Express Pharma: Leap Into the Future
Published on: Thursday, November 20th, 2014 View all Articles
As newer therapies for cancer hit the market, there’s a silent churn going on as diagnostic companies prepare for the future by stepping into unchartered territories.
By Shalini Gupta
In 1989, Rama Modali founded Bioserve. Bioserve India headquarted in Hyderabad started out as a molecular kit manufacturer serving both the research and clinical markets and has grown its clinical diagnostics capabilities in oncology and next-generation sequencing today to position itself as a state-of-the-art genomics services provider. Operating out of a state-of-the-art 14,000-square-foot genomics facility, it also managed to get a backing from Ventureast, a pioneering venture capital institution, that has enabled over 80 seed, early and growth stage businesses in a broad array of sectors including technology, life sciences and clean environment so far.
A nascent yet promising market
The feather in the cap came recently when it was acquired by Cancer Genetics Inc (CGI), A US-based company, which is emerging as a leader in DNA-based cancer diagnostics, servicing some of the most prestigious medical institutions in the world. To be renamed Cancer Genetics India, the new company will become a subsidiary of CGI, and will be renamed Cancer Genetics India. CGI plans on retaining all 33 current employees of BioServe India, and further expanding and strengthening the sales and clinical teams in India. The transaction worth $1.9 million (primarily in CGIX stock and other deferred consideration) is expected to close during the third quarter of the year.
The acquisition is a prime example of the seeds of consolidation in a highly fragmented market in the country like India and perhaps shows the way forward for it to thrive. A look at the numbers explains the potential attractiveness of the Indian market. The global diagnostics market is close to $60 billion and is growing at a rate of three to four per cent, with a third of it spent on oncology. The Indian diagnostics market on the other hand is a measly $2 billion with an estimated growth rate of 18 per cent per annum. Personalised oncology is a nascent part of the market, but it is gradually moving in that direction. The increasing incidence of cancer and a burgeoning middle class represents an emerging market of patients and clinicians who want clinically validated tests that comply with the standards of US healthcare companies.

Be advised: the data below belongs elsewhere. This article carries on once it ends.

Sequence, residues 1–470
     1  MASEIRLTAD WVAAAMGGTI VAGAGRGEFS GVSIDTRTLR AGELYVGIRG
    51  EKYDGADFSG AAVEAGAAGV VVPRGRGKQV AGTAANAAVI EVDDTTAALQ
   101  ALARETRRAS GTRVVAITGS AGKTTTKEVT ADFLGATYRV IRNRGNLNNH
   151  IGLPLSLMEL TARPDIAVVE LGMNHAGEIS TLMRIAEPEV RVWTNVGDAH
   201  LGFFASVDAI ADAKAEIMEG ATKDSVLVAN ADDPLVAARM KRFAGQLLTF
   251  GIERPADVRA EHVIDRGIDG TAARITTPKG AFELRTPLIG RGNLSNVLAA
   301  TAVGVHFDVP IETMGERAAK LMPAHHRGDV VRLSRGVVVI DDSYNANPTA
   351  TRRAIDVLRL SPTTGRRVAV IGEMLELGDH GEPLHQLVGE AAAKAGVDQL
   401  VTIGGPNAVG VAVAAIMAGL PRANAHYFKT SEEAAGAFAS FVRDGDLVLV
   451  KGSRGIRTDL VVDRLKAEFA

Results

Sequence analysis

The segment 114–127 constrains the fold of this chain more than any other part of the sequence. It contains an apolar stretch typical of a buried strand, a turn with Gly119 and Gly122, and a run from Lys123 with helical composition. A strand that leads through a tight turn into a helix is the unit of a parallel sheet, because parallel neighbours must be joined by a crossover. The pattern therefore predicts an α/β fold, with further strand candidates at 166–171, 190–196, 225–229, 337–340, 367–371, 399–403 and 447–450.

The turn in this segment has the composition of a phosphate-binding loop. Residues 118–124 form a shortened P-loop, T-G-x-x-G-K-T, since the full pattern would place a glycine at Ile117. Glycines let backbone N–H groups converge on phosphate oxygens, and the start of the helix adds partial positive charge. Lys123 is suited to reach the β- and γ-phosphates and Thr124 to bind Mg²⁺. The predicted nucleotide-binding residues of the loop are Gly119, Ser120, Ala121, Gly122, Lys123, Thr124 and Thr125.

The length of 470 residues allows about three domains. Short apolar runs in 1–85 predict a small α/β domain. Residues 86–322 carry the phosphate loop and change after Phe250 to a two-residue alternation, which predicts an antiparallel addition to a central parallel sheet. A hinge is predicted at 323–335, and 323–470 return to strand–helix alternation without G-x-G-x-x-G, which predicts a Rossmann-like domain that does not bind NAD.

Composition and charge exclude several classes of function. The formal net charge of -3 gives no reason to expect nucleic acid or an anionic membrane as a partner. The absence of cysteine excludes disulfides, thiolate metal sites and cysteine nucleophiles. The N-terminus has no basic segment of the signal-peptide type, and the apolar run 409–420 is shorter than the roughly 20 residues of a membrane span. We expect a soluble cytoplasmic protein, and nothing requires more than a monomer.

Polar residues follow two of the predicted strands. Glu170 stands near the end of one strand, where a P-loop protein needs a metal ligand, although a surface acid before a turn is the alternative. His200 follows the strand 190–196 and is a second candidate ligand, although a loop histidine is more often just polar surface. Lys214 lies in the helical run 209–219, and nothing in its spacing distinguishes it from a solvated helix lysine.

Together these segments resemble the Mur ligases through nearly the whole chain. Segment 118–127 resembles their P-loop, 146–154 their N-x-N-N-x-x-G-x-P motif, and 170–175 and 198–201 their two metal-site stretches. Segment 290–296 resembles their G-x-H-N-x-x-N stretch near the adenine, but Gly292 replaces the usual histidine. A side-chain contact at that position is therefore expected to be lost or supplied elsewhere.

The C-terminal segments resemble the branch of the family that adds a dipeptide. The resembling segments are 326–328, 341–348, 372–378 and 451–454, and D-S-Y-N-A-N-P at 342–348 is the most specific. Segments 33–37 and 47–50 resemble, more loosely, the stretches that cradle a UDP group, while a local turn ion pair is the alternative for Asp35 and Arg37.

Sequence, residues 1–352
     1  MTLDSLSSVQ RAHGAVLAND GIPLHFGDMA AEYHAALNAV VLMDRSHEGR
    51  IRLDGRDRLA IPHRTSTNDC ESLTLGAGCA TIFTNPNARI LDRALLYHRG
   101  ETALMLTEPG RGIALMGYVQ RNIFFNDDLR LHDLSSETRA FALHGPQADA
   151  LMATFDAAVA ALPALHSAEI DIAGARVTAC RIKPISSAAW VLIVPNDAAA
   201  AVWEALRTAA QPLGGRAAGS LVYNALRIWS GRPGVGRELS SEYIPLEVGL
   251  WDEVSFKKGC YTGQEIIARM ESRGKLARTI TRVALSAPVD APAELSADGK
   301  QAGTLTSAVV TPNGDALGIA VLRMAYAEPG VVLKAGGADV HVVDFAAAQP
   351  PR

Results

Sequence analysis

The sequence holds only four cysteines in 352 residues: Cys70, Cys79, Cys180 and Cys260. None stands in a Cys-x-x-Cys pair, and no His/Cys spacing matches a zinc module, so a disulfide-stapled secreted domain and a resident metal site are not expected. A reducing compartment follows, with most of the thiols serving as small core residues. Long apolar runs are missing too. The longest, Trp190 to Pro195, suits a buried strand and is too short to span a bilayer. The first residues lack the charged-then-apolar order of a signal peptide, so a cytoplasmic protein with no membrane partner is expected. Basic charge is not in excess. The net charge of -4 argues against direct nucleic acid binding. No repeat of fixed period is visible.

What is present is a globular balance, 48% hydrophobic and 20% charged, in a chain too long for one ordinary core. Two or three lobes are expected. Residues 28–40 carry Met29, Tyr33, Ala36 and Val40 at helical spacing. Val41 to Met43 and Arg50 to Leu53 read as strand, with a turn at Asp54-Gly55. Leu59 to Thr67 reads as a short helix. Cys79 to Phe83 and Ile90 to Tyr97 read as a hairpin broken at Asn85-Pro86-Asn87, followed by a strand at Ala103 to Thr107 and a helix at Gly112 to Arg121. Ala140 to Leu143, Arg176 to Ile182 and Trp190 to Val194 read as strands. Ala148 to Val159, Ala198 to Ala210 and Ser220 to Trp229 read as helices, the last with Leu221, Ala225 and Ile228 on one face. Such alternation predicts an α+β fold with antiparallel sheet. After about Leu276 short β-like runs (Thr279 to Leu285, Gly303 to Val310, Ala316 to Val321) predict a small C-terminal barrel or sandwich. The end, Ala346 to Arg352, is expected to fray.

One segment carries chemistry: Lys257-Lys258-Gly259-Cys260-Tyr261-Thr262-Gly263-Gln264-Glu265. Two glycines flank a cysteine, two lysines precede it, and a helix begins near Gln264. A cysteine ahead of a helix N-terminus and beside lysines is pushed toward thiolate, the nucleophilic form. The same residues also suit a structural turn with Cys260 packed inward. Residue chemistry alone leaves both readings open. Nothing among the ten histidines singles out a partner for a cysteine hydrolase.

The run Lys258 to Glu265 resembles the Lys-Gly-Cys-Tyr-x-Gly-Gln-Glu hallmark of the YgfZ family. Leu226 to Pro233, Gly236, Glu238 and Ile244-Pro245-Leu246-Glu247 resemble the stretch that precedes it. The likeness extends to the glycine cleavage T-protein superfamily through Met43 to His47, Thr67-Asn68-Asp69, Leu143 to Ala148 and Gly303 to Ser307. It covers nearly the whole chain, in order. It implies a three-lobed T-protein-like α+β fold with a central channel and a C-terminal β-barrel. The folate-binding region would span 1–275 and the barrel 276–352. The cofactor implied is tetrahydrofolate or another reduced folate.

At the same time there is a significant intellectual shift going on amongst pathologists and clinicians who increasingly want genomic assessments of cancers. However, there are very few providers with the quality and expertise required to meet the demands of the Indian market. This is where the unmet need lies and hence there is a strong demand for companies providing high quality, clinically validated tests at a cost point that makes sense for the broader Indian market. Cancer Genetics India is well suited to serve these needs. The market is also shifting from biological testing to genomics testing with genetics testing being used widely for detecting breast cancer, colorectal cancer etc. Usage of diagnostics as a part of clinical trials, approval of personalised diagnostics by the FDA, and increasing consumer awareness are some of the other drivers.